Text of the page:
Rated PG-13 for disturbing horror content, frightening images, and thematic material
Ouija is a better movie I predicted it was going to be. That is, it's not a completely wretched excuse for a horror film like Annabelle was, but it's nowhere near quality. The dialogue is terrible, most of the scares are lame, and it must be mentioned that it's based on a board game, but its single greatest problem is that it's got two plots that run at the same time, and their competition for the film's attention ultimately leaves both of them underdeveloped and making little sense. It does admittedly pack some cool special effects for the ghosts, the occasional good fright, and a solid cast of young attractive folks (plus the great horror veteran Lin Shaye) who do their best to give some dignity to the material, but it's little more than B-movie thrills of the cheapest kind.
You know, for a film that has Hasbro's name on it (they own the rights to the titular board and helped produce the film), it's weird how it's seemingly dedicated to making all possible viewers never want to touch a Ouija board. Nothing but bad things happen to everybody who plays around with the thing. First, one girl, Debbie, violates the first rule of using it (never play alone), and gets possessed and made to kill herself as a result. Then, the girl's sisters Laine (played by Olivia Cooke) and Sarah, plus their friends/cannon fodder Trevor, Isabelle, and Pete, try to contact Debbie using the board, only to inadvertently break the second rule (never play in a graveyard) when they find out too late that one of the house's previous owners, who had been a medium in the '40s and '50s, killed her daughter and bricked up her remains in the basement -- and that the spirits of both the girl and her evil mother contacted Debbie before she killed herself. Now, they must turn to the surviving daughter Paulina (Lin Shaye), who's currently locked up in a psychiatric hospital, for help in putting away the evil mother for good. Of course, it turns out that (spoiler alert) the daughter was the real evil one; her mother had used her in life to help speak to the dead, which had messed with her brain quite a bit, and Paulina was helping her the whole time hoping to free her. So now they're all screwed... until Debbie's ghost shows up out of nowhere to save the day for her sisters after the cannon fodder all bite it.
Yeah, the writing ain't this one's strongest suit. Between the first twenty minutes and the last ten, almost no time is given to the story of Debbie, despite her death having opened the film. We instead spend much of the middle hour of the film learning about the mother and daughter who'd been awakened by the Ouija board, and watching them haunt and occasionally kill our main characters. Laine and Sarah show almost no angst over the fact that their sister just killed herself, and that's through no fault of their actresses (who did a decent job otherwise) -- the writing just does not give them the opportunity. Likewise, one hour is not enough time to tell a feature-length story from beginning to end, and while the twist of the daughter being evil instead of the mother was a nice touch, the story otherwise felt rushed, like an excuse to get to the scares. Characters like the nanny feel like they originally had larger roles that were cut to bring the runtime down to the magical ninety minutes; ditto for the hints of a complicated relationship between the sisters, which never add up to anything. (And do I need to mention the deus ex machina ending again?) It's like the second half of Rob Zombie's remake of Halloween, which ran at breakneck speed through the events of the original film and suffered for it. Watching the middle parts of Ouija, I felt like I was watching a version of Poltergeist or The Conjuring that fast-forwarded through two-thirds of the character development. It had the seeds of two interesting stories, but instead of devoting its time and energy to growing one of them, it instead let both of them wilt.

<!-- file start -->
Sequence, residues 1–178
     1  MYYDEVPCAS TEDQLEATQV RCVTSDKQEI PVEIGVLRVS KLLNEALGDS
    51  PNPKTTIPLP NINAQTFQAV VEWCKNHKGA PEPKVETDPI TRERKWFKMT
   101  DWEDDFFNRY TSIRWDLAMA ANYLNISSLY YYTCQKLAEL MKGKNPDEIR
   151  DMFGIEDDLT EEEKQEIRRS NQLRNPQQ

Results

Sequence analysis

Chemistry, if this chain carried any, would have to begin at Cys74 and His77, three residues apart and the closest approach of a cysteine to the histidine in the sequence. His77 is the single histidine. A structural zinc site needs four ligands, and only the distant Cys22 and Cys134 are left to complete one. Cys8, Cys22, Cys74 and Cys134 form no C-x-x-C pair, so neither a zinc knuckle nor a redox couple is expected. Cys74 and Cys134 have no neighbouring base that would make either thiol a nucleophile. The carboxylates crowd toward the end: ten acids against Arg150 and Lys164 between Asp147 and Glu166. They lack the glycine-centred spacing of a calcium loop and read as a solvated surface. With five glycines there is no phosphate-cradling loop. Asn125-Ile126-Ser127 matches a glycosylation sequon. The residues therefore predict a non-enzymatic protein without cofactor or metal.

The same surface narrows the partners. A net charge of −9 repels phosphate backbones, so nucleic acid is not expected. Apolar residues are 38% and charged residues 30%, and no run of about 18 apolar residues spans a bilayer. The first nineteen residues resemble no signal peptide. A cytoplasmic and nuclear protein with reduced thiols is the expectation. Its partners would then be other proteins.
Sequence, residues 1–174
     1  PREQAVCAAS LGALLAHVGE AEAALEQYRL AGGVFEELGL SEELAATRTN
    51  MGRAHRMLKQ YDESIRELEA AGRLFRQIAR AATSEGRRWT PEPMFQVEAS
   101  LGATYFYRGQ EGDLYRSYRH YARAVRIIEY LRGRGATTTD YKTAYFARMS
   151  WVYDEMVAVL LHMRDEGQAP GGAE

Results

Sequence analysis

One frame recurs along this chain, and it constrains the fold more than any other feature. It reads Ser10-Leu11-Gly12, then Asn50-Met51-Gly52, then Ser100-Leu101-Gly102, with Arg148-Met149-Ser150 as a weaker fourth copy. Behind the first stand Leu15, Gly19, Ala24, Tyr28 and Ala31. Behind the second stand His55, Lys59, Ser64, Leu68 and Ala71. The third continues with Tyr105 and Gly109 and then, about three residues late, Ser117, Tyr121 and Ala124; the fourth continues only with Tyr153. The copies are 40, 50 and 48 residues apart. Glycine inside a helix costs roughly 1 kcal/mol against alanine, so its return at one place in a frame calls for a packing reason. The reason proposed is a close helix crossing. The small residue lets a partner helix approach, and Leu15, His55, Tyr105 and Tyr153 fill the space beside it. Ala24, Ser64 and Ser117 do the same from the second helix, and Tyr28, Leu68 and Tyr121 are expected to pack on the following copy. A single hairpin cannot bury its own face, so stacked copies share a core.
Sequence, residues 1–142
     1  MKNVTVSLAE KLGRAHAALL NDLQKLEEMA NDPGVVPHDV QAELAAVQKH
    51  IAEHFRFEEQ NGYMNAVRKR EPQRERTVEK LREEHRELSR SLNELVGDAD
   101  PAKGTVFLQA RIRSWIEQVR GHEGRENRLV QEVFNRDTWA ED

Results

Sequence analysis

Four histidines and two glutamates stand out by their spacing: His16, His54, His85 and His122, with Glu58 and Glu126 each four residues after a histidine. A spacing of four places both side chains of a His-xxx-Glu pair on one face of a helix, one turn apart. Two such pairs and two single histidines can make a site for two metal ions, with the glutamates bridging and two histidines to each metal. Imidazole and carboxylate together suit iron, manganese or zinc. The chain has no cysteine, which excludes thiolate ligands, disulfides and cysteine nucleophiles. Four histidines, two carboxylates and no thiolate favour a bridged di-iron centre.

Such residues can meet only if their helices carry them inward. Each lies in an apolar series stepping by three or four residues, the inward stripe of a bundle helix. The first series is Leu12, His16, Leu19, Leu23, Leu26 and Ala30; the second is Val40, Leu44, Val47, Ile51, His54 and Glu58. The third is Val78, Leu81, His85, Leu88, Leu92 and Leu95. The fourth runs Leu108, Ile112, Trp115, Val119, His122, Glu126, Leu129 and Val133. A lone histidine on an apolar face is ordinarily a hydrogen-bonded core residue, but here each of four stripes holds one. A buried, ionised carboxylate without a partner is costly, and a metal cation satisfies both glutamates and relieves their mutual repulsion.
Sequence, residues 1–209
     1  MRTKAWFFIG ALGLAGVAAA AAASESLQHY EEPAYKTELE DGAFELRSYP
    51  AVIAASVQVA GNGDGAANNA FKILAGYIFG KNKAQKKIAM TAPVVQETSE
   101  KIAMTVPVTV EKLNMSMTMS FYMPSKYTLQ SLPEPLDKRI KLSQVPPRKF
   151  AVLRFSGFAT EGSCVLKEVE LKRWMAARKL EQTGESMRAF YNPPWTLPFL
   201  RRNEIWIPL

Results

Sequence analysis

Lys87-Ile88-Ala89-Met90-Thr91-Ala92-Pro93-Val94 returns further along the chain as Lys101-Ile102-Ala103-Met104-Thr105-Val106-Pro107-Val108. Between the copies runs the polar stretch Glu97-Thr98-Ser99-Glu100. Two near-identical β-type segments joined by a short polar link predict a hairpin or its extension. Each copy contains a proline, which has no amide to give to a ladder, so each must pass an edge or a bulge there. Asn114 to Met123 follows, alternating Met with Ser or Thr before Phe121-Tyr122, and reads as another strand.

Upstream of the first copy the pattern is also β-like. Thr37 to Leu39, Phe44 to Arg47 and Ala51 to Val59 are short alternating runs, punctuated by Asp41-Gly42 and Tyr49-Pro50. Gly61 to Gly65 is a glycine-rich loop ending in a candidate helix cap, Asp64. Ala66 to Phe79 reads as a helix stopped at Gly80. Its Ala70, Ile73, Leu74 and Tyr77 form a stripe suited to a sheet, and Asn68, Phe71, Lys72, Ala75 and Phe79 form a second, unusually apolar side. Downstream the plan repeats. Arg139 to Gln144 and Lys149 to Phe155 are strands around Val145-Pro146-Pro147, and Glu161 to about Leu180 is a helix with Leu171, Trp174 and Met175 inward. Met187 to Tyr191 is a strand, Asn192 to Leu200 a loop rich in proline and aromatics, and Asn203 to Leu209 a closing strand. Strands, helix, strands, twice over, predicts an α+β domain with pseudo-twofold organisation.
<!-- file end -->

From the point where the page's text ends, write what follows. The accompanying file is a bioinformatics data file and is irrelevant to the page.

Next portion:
Since the writing for this film is pretty dire, that leaves us with the scares and the kills, and to be honest, for a PG-13 film they're better than they could've been. Granted, that's pretty much a backhanded way of saying "at least they're not terrible," but it's still more creativity than in the dreadful Nightmare on Elm Street remake I watched a couple of days ago. (And that was rated R!) Sewing someone's mouth shut with dental floss, or using a pool cover to drown a poor schmuck, is pretty much the most I was hoping for given the rating and the overall "horror-lite" tone of the film. Likewise for the non-lethal jump scares. This film sucks at really building tension for longer than five seconds, but on occasion, the scares do actually work. The shadow attack in particular had me constantly looking over the kids' shoulders into the dark for the next couple of minutes. And when the ghosts showed up, I loved the decaying makeup effects on them.
Score: 2 out of 5
The highest praise I can give this is that it's better than I feared it would be. Still, it's not something I'd recommend when there are so many superior supernatural horror films out there. Save your money and rent one of those.